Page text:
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posted by martyb on Sunday October 06 2019, @06:50PM   Printer-friendly
from the In-absentia-lucis,-Tenebrae-vincunt dept.

Researchers in Oxfordshire are working to 'virtually unroll' several scrolls from the library of Herculaneum.

The scrolls were buried by Mt. Vesuvius which erupted in 79AD and are far to fragile to unroll physically (it has been tried with a few scrolls from this library with "largely disastrous results")

Unlike other ancient scrolls, these have resisted previous efforts to scan and read them due to their use of carbon based ink.

Unlike metal-based inks, such as the iron gall used to write medieval documents, carbon ink has a density similar to that of the carbonized papyrus on which it sits. Therefore, it appears invisible in X-ray scans.

The scrolls will be scanned at the U.K.'s Diamond Light Source synchrotron science facility at photon energies of 53-150keV.

The researchers believe that the tomography will "capture subtle, non-density-based evidence of ink, even when it is invisible to the naked eye in the scan data."

The machine-learning tool we are developing will amplify that ink signal by training a computer algorithm to recognize it pixel-by-pixel from photographs of opened fragments that show exactly where the ink is, voxel-by-voxel, in the corresponding tomographic data of the fragments. The tool can then be deployed on data from the still-rolled scrolls, identify the hidden ink, and make it more prominently visible to any reader.

The opened fragments that will be used to train the tool are the remains from scrolls sacrificed in earlier physical attempts at unrolling.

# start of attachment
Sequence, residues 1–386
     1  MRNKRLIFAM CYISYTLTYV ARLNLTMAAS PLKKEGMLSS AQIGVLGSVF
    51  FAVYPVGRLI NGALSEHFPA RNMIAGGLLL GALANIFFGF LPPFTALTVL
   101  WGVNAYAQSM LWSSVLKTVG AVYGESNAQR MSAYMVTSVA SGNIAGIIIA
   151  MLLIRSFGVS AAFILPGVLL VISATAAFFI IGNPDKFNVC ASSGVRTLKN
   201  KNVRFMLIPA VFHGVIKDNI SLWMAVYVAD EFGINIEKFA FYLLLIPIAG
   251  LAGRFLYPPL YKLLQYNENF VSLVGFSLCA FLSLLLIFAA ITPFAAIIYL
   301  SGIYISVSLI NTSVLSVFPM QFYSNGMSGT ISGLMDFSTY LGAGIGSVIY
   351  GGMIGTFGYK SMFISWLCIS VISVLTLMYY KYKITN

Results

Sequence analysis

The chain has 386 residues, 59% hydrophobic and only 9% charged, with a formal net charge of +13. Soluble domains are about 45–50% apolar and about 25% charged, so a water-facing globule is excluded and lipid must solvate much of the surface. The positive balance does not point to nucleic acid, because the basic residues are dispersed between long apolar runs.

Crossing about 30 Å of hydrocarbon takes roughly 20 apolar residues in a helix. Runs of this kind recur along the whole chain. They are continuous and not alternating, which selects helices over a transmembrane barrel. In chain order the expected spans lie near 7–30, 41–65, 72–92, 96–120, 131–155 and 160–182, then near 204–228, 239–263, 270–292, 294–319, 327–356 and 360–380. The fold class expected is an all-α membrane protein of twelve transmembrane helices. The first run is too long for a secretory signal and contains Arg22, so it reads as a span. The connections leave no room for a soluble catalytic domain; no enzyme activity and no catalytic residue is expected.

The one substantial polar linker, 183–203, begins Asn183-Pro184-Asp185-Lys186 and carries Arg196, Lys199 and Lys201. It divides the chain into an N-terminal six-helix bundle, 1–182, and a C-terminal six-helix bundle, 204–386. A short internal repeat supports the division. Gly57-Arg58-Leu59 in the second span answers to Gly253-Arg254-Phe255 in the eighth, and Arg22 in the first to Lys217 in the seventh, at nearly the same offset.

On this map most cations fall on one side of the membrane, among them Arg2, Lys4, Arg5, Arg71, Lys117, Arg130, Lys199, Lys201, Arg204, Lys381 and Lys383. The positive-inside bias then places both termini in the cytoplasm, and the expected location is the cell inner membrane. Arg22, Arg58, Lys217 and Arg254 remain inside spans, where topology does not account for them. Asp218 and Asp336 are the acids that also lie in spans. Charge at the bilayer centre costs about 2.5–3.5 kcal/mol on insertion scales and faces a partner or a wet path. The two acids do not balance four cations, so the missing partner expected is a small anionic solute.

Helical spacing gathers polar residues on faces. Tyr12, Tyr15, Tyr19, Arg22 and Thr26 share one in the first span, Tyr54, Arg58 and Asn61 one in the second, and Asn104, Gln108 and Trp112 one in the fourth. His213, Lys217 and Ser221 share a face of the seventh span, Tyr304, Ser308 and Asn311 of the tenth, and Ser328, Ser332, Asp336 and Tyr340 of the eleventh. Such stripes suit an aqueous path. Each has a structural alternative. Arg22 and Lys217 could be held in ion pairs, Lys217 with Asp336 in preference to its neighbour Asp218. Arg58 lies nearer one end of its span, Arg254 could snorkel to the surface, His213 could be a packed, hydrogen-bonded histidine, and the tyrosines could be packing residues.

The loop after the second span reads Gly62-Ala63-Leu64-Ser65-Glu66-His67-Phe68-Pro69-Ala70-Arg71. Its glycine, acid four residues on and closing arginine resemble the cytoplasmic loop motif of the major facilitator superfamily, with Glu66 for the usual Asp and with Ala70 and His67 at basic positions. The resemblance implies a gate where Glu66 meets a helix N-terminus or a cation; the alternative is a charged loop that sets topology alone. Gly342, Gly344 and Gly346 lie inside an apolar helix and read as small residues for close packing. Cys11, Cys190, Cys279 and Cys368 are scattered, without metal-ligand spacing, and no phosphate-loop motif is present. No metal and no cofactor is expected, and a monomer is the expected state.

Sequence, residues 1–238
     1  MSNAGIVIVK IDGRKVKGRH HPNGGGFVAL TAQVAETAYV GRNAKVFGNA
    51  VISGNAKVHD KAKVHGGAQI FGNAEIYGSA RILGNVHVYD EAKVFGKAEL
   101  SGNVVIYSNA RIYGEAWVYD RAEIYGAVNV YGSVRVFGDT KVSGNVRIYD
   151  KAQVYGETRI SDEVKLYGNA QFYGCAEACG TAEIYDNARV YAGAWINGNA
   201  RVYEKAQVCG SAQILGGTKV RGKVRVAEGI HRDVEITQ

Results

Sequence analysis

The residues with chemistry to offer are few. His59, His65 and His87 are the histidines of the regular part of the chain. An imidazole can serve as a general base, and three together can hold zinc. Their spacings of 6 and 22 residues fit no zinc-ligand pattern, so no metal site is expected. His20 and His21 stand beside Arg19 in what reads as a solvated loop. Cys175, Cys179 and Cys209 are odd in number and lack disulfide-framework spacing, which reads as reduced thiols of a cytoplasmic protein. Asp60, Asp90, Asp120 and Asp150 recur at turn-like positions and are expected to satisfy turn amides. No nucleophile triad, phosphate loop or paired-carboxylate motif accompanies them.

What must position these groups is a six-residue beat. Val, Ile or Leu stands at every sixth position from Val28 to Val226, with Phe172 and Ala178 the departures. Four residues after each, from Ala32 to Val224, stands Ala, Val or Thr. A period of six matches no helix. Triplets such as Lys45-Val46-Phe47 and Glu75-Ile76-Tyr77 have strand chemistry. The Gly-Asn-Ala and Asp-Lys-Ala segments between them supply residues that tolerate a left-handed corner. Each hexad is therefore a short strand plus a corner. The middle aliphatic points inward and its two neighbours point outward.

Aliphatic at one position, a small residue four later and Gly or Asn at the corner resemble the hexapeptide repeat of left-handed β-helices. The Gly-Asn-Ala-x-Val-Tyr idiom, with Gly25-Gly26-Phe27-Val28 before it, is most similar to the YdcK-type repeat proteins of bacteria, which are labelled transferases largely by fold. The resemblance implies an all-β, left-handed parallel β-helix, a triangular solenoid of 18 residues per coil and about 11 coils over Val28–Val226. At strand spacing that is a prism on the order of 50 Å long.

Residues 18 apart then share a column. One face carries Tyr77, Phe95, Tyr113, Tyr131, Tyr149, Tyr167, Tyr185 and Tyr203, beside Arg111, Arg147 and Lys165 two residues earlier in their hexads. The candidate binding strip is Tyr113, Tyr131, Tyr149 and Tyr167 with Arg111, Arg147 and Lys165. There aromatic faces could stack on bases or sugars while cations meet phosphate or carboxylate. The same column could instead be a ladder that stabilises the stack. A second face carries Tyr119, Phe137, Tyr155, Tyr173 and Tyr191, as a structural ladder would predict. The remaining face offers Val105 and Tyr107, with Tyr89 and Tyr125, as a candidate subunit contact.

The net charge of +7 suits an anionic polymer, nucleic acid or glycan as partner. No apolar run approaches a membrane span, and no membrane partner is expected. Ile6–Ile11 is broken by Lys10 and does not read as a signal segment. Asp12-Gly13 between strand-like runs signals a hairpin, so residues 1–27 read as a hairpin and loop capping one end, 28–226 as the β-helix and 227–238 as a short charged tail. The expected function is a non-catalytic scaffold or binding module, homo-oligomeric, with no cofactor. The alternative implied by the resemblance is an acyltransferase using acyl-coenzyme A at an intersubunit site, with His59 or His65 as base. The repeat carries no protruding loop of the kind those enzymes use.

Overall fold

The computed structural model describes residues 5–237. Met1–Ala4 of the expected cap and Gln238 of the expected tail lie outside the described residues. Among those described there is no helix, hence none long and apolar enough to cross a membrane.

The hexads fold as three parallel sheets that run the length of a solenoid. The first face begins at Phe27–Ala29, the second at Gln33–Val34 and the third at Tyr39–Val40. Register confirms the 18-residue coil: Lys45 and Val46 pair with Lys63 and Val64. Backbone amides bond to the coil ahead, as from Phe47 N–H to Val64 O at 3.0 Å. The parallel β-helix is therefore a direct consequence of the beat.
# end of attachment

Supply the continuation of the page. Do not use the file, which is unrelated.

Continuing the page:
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  • (Score: 2) by nishi.b on Sunday October 06 2019, @08:16PM (1 child)

    by nishi.b (4243) on Sunday October 06 2019, @08:16PM (#903478)

    This might also be due to the required resolution, both spatial (mm resolution is not enough) and to differentiate the signal from paper with and without ink.
    But this project is an improvement on a 2015 project that already yielded results from metal in the ink [www.esrf.eu]

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  • (Score: 2) by opinionated_science on Monday October 07 2019, @01:23AM

    by opinionated_science (4031) on Monday October 07 2019, @01:23AM (#903536)

    it is wavelength - electrons are tiny and a bonus is they x-ray scatter, allowing a passive (well depending on the eV of the beam...!) atomic scan(that's the official name).

    Reading atoms one at a time, is probably one of the coolest things a human could ever do...